There’s a slim margin for error when it comes to winning your NCAA Tournament bracket pool. College basketball fans devote their attention to making the right call on upsets and the Final Four.
But one way to win your bracket is to avoid obvious errors that could prove costly.
Five mistakes not to make when making your March Madness picks:
1. Don’t pick a team that hasn’t been better than .500 in its past 10 games. Ahem, Wisconsin (3-7 in last 10 games). A winning bracket takes a little research. The best way to avoid mishaps is to assess a team’s play in late February and early March because as much as the tournament is about matchups, a team that’s playing poorly shouldn’t be ignored.
2. Don’t be fooled by the recency effect. Don’t be the person who says, “Oh, they won their conference tournament, they’re a good Elite Eight dark horse.” That’s lazy. Oregon State is a good example. A team’s streak should be a factor, but don’t let that motivate you to completely ignore a bad matchup. The Beavers are mis-matched in a variety of ways against No. 5 seed Tennessee.
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3. Don’t assume that a team that did well last year, or even historically, will dominate this year. There’s a ton of turnover in college basketball with one-and-done players. Yes, blue-bloods and historically good teams are a good starting point, but make sure to do a little investigating first. Villanova, winner of the national title in 2016 and 2018, lost its best player, Collin Gillespie, to injury right before the NCAAs, as an example. Especially this year when both Duke and Kentucky missed the NCAA Tournament cut. Kansas is a No. 3 seed, North Carolina is a No. 8 seed and Michigan State is a No. 11 seed. But Bill Self, Roy Williams and Tom Izzo can’t coach mediocre teams to the Final Four. Well, maybe Izzo can. But not this year.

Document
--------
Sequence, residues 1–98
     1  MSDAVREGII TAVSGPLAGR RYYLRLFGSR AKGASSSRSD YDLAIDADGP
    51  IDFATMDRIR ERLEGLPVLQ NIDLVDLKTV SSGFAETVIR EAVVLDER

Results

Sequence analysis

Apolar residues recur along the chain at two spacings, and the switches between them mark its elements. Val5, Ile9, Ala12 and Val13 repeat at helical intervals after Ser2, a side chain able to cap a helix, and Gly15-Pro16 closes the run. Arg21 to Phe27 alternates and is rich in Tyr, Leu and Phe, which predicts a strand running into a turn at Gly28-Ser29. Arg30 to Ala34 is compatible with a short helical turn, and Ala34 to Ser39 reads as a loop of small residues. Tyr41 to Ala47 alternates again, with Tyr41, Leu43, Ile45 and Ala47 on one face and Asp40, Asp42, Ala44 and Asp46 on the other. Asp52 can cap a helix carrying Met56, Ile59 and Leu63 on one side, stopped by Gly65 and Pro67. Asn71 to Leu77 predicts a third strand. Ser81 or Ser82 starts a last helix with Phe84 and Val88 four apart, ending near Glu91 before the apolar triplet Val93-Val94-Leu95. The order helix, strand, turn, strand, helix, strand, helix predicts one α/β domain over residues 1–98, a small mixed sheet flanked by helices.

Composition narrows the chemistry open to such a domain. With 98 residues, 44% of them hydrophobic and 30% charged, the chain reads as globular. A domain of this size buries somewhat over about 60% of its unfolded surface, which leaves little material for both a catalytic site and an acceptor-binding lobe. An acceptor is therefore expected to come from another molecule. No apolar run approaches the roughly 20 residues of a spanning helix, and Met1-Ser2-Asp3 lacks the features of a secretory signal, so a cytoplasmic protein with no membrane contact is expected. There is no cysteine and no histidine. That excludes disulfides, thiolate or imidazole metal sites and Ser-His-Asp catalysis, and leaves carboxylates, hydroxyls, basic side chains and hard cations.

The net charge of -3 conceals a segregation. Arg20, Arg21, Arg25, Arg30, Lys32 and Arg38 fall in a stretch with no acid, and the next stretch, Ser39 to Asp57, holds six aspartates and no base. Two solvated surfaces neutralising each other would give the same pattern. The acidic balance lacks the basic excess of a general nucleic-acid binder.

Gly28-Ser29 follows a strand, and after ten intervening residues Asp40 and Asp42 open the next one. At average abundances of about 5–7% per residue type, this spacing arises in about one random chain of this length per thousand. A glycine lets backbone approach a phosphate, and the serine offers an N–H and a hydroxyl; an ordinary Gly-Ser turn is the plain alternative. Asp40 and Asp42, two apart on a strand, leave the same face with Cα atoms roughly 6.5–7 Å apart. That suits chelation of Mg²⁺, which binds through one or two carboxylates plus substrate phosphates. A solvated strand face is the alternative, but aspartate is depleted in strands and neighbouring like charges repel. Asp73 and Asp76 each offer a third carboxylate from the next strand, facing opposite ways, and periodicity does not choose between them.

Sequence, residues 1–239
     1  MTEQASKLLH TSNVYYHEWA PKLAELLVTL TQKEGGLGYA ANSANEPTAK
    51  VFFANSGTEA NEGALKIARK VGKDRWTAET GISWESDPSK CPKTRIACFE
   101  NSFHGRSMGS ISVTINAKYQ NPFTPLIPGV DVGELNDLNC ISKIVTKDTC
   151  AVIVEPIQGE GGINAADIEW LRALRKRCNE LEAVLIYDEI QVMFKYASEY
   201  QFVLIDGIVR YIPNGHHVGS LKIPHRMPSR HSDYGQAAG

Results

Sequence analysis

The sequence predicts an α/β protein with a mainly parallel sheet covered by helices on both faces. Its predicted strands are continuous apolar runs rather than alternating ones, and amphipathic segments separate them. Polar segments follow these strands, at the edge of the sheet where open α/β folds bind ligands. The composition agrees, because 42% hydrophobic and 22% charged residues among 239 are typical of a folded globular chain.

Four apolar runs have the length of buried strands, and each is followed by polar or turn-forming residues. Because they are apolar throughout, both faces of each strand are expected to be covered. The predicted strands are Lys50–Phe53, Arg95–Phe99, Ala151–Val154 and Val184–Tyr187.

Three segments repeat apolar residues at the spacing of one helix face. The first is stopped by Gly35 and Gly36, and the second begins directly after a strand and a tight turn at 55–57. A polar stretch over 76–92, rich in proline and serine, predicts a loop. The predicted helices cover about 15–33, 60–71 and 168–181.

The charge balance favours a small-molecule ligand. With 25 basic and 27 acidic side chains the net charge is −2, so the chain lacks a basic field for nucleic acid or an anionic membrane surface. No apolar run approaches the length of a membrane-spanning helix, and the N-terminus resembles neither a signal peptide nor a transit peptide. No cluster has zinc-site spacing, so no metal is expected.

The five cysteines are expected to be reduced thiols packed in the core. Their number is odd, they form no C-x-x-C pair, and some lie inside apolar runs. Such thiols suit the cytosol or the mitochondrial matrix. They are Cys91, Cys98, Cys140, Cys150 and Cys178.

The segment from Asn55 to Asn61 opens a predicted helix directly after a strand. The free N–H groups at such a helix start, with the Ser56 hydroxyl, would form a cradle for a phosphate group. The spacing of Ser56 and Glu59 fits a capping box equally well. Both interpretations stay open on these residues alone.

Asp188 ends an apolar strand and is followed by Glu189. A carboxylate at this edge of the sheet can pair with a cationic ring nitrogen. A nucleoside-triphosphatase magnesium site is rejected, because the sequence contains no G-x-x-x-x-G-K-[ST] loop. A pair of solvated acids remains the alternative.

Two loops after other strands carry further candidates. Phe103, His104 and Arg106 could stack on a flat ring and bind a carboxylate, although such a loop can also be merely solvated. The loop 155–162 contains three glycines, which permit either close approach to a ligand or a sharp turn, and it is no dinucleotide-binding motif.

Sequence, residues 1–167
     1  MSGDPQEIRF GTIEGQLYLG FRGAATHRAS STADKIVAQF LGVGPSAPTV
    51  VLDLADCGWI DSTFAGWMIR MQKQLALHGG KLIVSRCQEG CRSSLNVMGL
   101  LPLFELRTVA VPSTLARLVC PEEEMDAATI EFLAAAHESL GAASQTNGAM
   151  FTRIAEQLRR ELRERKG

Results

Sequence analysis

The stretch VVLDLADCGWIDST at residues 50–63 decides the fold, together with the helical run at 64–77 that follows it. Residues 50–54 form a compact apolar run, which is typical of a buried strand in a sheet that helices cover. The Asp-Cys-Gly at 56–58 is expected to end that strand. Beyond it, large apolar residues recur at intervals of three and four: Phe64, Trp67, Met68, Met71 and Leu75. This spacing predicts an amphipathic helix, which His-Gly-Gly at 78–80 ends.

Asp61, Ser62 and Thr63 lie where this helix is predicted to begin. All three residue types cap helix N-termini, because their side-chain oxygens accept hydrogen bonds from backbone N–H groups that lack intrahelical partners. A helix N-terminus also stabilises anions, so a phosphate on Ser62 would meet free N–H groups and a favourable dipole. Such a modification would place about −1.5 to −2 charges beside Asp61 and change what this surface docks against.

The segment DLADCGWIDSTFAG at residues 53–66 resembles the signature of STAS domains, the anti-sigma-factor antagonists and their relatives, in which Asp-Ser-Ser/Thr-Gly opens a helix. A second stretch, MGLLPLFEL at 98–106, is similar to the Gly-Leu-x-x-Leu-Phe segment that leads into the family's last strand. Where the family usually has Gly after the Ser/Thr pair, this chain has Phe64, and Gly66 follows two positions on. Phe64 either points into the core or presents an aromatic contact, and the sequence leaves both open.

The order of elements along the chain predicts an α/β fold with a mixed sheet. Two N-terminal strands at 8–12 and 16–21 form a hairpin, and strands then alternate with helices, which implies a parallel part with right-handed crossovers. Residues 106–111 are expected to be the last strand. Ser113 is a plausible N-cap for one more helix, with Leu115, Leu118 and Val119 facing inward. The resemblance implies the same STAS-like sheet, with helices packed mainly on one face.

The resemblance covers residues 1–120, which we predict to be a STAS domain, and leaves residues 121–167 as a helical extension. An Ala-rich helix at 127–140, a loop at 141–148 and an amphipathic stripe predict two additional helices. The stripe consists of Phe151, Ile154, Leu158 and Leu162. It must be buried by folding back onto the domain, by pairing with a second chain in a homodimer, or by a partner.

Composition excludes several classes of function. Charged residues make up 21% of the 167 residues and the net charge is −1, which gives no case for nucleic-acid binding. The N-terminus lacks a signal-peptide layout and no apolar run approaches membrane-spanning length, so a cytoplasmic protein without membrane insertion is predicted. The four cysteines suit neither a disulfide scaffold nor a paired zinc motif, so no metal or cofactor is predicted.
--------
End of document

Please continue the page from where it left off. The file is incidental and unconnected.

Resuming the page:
4. Don’t pick a team because it’s your favorite. Don’t let your enjoyment of a team drive your bracket into the ground. Don’t overlook UConn’s advantage over Maryland just because you want to see the Terrapins in the Sweet 16.
5. Don’t pick a No. 16 seed to beat a No. 1. It won’t happen again, so don’t get your hopes up. While UMBC’s upset of top overall seed Virginia busted brackets everywhere in 2018, it took 136 tries for it to happen, and it’s unlikely the same fate would occur to one of the four No. 1s this year. Plus, if you do make that pick, what’s the payoff? You get one first-round pick right on the good end (because don’t expect a No. 16 seed to win again). Is it for bragging rights? Pick wrong and you’d lose a potential Sweet 16, Elite Eight or Final Four finisher.
Follow college basketball reporter Scott Gleeson on Twitter @ScottMGleeson.